Last weekend, my graduating class held our 20th reunion. Our planning committee has been working since March to get everything together, and my role in all of this was to take care of the mailings — newsletters, reminders, registration forms, etc. It was time-consuming to enter 200-plus names and addresses, print the labels, stuff the packets, label the packets and get them mailed. At times it was frustrating because we couldn’t locate “lost” classmates or because the pictures we needed for our slideshow weren’t coming in. And sometimes it was inconvenient to attend committee meetings that were an hour away.
But I’ll tell you something else. It was worth it.
I can’t remember when I’ve enjoyed a weekend so much as last Friday and Saturday, and it was a little surprising. The last two weeks have been so hectic, what with trying to get that darn slideshow to come together, that I haven’t really given the people who were coming to the reunion much thought. I had an RSVP list and I read it at least 50 times, but only to make sure that I’d done everything possible to find pictures of those people for inclusion in the slideshow.
I finally took a deep breath after dropping our son off to stay with my mother while my husband and I attended Friday night’s come-and-go tailgating party next to our school’s football field. All of a sudden it sank in that many of us were about to see each other for the first time in 20 years. Twenty years! It sounds like such a long time, but it doesn’t feel like that much time has passed since we gathered at the same football field for our graduation.
We had around 245 people in our class, one of the largest graduating classes our high school has seen. We were made up of black and white students from all parts of the socioeconomic spectrum. As I recall, there were three elementary schools in our county. Two of them fed into one grammar school (grades 5-8), but the other one went all the way from Kindergarten through 8th grade. After that, everyone went to the same high school.
Many of us started in Kindergarten together and knew each other all the way through school. Others of us didn’t meet until we were freshmen but became fast friends once we were all in one “tank.” Whatever the case, my point is that we spent so much time together in school that we couldn’t imagine there would come a day when we would need name tags because we might not recognize each other.
It’s hard to describe how excited — truly excited — I was to see my classmates. Even I was taken aback by it. Everyone looked wonderful! Just wonderful! Most people hadn’t changed much at all and I was surprised how many times I heard or said, “You don’t have to tell me who you are! You look exactly the same!”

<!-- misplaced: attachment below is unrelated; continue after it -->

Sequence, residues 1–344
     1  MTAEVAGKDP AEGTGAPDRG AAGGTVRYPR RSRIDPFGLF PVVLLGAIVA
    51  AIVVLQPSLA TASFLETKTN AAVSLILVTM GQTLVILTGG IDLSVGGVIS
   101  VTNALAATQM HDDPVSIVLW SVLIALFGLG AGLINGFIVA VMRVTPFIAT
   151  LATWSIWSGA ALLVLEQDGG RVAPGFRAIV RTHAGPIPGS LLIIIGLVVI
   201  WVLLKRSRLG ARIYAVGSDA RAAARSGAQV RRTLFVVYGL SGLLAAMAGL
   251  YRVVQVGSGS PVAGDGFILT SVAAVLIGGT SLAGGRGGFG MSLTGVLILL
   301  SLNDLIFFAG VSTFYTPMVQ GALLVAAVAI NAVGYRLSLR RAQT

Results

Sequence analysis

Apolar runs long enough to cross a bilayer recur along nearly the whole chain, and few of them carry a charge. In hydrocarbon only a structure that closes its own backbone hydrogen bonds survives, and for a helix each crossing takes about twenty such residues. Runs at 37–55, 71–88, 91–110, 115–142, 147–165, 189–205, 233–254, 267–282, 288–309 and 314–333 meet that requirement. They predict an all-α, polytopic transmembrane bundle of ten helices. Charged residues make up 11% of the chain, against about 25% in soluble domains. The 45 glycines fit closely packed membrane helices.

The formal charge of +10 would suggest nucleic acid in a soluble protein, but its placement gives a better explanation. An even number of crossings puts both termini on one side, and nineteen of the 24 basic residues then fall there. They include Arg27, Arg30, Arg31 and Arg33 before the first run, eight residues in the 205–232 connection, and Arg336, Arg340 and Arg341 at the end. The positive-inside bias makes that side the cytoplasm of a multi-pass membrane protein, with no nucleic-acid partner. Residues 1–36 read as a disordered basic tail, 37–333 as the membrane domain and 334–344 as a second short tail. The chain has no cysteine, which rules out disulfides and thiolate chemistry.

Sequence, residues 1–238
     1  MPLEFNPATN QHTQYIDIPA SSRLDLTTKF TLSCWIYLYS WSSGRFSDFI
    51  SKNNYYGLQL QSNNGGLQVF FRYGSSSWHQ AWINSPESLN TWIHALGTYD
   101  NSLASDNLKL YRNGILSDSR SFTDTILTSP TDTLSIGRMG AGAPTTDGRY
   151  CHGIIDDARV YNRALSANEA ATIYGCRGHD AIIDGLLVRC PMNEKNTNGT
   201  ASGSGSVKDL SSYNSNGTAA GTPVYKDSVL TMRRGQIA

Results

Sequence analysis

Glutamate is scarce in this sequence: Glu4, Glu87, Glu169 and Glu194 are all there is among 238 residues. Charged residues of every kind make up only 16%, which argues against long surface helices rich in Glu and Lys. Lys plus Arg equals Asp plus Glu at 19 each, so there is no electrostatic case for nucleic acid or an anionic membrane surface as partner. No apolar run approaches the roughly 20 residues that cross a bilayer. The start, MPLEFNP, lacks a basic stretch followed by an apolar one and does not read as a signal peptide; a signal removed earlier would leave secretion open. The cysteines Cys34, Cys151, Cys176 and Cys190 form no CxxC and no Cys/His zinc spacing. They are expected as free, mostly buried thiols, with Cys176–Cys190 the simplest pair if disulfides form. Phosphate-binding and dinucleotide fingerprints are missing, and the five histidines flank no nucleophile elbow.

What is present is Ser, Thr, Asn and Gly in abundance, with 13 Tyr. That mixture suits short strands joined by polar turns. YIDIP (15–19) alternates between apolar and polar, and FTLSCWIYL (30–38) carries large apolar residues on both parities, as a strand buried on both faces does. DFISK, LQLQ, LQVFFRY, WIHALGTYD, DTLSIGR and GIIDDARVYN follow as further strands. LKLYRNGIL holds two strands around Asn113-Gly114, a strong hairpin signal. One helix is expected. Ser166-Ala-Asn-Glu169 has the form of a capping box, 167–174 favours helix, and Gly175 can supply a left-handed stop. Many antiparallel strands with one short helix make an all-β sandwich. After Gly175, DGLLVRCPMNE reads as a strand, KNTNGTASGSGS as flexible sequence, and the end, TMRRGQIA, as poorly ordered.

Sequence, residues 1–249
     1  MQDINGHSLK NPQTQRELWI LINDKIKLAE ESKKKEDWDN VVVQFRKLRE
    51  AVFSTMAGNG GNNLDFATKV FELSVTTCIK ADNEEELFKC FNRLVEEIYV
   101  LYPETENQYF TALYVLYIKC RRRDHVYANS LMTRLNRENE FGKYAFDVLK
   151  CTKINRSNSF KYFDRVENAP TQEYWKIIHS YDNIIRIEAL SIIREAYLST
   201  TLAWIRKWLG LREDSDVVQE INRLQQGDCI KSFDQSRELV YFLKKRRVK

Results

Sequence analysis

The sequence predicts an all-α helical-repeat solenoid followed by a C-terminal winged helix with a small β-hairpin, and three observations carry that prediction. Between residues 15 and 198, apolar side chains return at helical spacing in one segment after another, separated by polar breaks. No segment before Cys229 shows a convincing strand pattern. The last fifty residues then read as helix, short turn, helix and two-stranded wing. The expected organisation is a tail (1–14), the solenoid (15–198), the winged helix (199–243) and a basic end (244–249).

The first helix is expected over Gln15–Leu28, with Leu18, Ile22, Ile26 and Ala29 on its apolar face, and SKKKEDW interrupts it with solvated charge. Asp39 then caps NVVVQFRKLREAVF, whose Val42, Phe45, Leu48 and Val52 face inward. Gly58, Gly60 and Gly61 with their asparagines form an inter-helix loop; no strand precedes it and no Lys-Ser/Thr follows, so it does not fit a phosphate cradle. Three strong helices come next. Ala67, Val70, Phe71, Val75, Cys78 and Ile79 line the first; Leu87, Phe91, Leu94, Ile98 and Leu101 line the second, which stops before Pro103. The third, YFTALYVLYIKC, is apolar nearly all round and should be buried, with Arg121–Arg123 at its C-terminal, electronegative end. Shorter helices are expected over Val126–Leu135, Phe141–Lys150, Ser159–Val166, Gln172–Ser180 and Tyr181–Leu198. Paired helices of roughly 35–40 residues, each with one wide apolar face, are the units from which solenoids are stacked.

The smiles on people’s faces were so sincere and so genuine that I wished for the ability to make time stop for just a little while. We hugged. We laughed. Oh, did we laugh! We did a lot of Do you remember the time in Mr. Smith’s class when….. and then we laughed some more. People moved around in the crowd and talked to each other and made the effort to speak to people and catch up.
Several of our classmates traveled pretty far distances just to come back for the reunion. One couple came from Ft. Worth, another from just outside of Tampa, and another came from Columbia, Maryland. Just to see old friends. It’s hard to explain how or why that touched my heart, but it did. It told me that after twenty years, old friends still mean something. The place we all knew as our hometown still means something. And every now and then, it’s worth something to come back.
With the exception of one or two folks, and I suppose every class has a couple of them, no one came with an ego to stroke. No one came to see whose life hadn’t turned into the fairy tale. No one relived old grudges or held on to petty jealousies.
What do you know? We grew up, after all.
For all of the people who did come, there were a lot of our classmates who didn’t, and we truly missed them. What’s strange is that most of them live either in town or within 30 miles. I’m so sorry they didn’t come to Friday’s get-together, and I wish they knew how much they were missed and how many people asked about them.
The crowd slowly dwindled down, and eventually I had to leave and join my husband, who’d left earlier to give my mom a break, and pick up our little boy. As I drove from the football field to my parents’ home, I thought about growing up in that small town that I still love so dearly. I remembered weekends of “cruising the square” and wondered how many miles I put on my mother’s Honda Accord from that activity alone. I remembered Homecoming Parades and riding along that same street in my father’s 1961 MGA convertible, trying not to fall off the back. (I actually did fall out once, but that’s for another post.) I passed the old Sonic and remembered going there after school with my friends. The new Sonic is on the same strip, and I wondered if the “cool” people still park on the far side. My husband and I still laugh about that, and to this day, we drive all the way around to the far side of any Sonic we happen to go to! He always says, “I wonder if this is the cool side?” Maybe that’s just a small-town thing, and though I live in a large city, I am most definitely a small-town girl.
I pulled into my mother’s driveway and sat there for a minute before going inside. How many Friday nights had I done the same thing — hung out with friends and then made one last drive down the main drag of town before turning off at what was then the town’s only stoplight. (Okay, we did have two stoplights, but the other one was just a 3-way. The one I’m talking about is what everyone knew as the light.)
As I walked inside, I was glad to prove the old saying wrong once more.
You CAN go home again.